KM: On the one hand, I’m a bit of a control freak, so wearing many hats is a choice. But on this type of film it is also a necessity. I had always planned to write, direct, produce, and also edit, in large part to maintain the creative integrity of the story, but also because I didn’t have the budget to hire anyone else. I’m also a cinematographer, so when my DP wasn’t available I would take on that hat as well. I did bring in my colleague Zander Villayne to help produce as it was just too much for one person to manage. I also had a lot of great co-producers and line production help that eased the burden.
DMR: Regarding the finished product of Displacement, I know you have two versions of the film, an extended cut and a lifetime movie network cut, are their still plans to do an extended cut on blu-ray or theatrical?
KM: Yes, I definitely want to release the extended cut on blu-ray, as well as a full-length making-of documentary. Some of the deleted and extended scenes are available as Bonus Features on the just-released DVD, but I think it’s more fun to watch the extended cut uninterrupted. Also, the DVD/VOD version is actually slightly longer than the Lifetime network cut, so it’s really three versions – and the other two don’t contain commercial breaks! Boy that was a challenge with a movie like this, figuring out where to break it. And Lifetime has very specific timings for each segment. There’s a bit of wiggle room, but not much. A good problem to have I guess.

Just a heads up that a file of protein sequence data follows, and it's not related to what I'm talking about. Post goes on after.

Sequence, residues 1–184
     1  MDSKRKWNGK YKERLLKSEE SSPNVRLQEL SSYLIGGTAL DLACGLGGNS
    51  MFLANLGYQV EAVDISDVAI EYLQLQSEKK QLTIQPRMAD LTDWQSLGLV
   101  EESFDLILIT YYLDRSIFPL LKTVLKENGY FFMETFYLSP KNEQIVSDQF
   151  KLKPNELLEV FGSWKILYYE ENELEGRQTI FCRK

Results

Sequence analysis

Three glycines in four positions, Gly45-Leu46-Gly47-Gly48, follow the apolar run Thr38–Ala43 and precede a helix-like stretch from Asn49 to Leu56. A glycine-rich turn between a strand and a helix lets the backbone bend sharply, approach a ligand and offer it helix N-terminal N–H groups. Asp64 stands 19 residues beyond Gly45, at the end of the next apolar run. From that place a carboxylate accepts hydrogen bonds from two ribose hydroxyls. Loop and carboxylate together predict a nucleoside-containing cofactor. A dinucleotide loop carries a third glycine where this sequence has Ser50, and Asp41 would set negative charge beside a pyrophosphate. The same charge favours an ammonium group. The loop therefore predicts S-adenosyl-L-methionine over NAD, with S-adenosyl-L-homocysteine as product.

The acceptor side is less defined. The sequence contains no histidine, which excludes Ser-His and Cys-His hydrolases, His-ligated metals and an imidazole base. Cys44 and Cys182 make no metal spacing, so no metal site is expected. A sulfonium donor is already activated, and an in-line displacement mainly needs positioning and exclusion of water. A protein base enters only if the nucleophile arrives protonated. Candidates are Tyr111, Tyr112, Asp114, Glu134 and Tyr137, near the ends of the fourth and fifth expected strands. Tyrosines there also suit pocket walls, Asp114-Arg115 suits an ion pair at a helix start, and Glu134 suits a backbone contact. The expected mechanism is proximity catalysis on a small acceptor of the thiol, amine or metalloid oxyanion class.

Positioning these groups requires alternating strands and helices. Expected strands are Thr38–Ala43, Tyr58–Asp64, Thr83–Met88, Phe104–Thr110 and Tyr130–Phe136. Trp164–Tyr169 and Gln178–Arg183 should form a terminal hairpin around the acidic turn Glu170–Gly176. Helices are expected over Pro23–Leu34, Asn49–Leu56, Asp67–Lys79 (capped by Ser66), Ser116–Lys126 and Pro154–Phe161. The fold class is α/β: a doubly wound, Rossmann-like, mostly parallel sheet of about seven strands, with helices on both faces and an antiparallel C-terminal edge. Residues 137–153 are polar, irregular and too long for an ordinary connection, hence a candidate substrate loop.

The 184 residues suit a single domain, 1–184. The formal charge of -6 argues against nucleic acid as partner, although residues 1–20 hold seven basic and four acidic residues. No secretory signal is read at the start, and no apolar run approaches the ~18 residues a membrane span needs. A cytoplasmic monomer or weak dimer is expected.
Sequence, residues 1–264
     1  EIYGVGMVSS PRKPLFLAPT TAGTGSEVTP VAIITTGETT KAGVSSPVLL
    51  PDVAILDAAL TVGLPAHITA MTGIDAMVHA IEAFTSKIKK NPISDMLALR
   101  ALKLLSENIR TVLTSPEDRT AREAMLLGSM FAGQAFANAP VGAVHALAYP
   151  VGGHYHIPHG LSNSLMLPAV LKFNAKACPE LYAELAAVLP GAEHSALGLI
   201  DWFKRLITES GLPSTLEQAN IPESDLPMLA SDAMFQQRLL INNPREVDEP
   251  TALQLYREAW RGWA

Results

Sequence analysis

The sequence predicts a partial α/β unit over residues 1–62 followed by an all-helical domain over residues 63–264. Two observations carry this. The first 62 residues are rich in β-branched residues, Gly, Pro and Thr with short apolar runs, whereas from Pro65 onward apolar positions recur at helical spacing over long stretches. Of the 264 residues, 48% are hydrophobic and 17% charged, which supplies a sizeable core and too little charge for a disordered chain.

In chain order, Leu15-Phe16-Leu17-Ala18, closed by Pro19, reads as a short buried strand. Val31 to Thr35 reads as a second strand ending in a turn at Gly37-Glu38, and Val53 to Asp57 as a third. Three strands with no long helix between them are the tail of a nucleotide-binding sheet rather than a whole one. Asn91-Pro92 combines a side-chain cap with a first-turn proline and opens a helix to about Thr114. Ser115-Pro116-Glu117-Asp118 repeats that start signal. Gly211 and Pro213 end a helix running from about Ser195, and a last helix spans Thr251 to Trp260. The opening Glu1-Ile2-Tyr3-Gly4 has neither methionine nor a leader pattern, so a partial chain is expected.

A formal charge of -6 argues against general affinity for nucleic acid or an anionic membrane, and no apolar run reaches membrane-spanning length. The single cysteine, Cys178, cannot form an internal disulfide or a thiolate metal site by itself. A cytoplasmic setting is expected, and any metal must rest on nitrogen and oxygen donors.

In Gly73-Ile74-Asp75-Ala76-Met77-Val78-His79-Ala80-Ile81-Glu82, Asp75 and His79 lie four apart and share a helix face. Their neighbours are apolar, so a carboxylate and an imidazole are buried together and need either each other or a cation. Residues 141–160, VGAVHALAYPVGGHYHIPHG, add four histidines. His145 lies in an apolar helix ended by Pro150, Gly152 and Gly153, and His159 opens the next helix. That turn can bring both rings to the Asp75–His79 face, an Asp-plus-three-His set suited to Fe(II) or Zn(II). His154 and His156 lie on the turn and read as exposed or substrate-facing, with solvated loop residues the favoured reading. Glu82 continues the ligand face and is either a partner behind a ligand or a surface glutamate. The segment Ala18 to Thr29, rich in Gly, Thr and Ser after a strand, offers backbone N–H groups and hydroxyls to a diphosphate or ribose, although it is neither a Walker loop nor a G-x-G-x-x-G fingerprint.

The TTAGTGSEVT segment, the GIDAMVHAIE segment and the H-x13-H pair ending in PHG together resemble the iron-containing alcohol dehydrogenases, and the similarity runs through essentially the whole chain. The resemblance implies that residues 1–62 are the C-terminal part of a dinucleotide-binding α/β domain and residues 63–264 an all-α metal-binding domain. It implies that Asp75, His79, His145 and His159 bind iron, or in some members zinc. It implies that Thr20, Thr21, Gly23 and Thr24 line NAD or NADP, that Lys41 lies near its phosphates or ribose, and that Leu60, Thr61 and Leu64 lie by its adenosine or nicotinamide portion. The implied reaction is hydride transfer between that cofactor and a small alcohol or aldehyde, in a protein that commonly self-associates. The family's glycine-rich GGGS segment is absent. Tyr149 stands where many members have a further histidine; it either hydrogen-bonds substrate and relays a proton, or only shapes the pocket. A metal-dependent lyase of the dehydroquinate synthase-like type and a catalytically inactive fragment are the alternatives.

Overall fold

DMR: Chat about your thoughts on the just amazing rise of Courtney Hope with the huge video game series of Quantum Break and The Bold and the Beautiful, have you noticed more of a demand for Displacement now that she is on top of Daytime TV as Sally Spectra?
KM: It’s pretty much every filmmaker’s dream to cast a rising actor and have her break large right at the moment your film is coming out! That is exactly what happened with this. It’s been pretty remarkable. I’ve known Courtney and her family since she was 15 and just starting out in the biz after moving to L.A. from Texas. In fact I helped her put together her first demo reel, where I saw just what a terrific young talent she was. Even then, she was a solid actress already booking guest star roles on major television shows. I knew she would be a star if she persisted and got offered the right opportunities, and vowed that I would cast her in something one day. Nine years later that became Displacement, and her rise throughout the making and release of the film has been really cool to watch. She actually couldn’t make our Premiere because she was presenting at the Daytime Emmy’s! Crazy. She’s a great gal and very dedicated and totally deserves all the success she’s enjoying. I’m very proud of her and excited to watch her star continue to rise. Can’t wait to see what’s ahead.